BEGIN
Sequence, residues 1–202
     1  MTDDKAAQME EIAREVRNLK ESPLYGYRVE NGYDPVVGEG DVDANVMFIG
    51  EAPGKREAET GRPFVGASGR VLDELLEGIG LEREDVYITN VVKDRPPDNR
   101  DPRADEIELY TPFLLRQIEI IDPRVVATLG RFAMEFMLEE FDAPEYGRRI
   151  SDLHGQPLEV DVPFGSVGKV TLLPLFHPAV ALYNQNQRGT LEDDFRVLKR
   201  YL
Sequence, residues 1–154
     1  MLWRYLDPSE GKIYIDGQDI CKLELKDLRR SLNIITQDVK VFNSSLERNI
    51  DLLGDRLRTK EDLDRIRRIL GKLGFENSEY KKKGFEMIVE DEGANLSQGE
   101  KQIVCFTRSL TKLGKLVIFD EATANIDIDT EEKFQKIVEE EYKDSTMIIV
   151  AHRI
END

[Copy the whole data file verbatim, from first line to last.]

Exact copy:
Sequence, residues 1–202
     1  MTDDKAAQME EIAREVRNLK ESPLYGYRVE NGYDPVVGEG DVDANVMFIG
    51  EAPGKREAET GRPFVGASGR VLDELLEGIG LEREDVYITN VVKDRPPDNR
   101  DPRADEIELY TPFLLRQIEI IDPRVVATLG RFAMEFMLEE FDAPEYGRRI
   151  SDLHGQPLEV DVPFGSVGKV TLLPLFHPAV ALYNQNQRGT LEDDFRVLKR
   201  YL
Sequence, residues 1–154
     1  MLWRYLDPSE GKIYIDGQDI CKLELKDLRR SLNIITQDVK VFNSSLERNI
    51  DLLGDRLRTK EDLDRIRRIL GKLGFENSEY KKKGFEMIVE DEGANLSQGE
   101  KQIVCFTRSL TKLGKLVIFD EATANIDIDT EEKFQKIVEE EYKDSTMIIV
   151  AHRI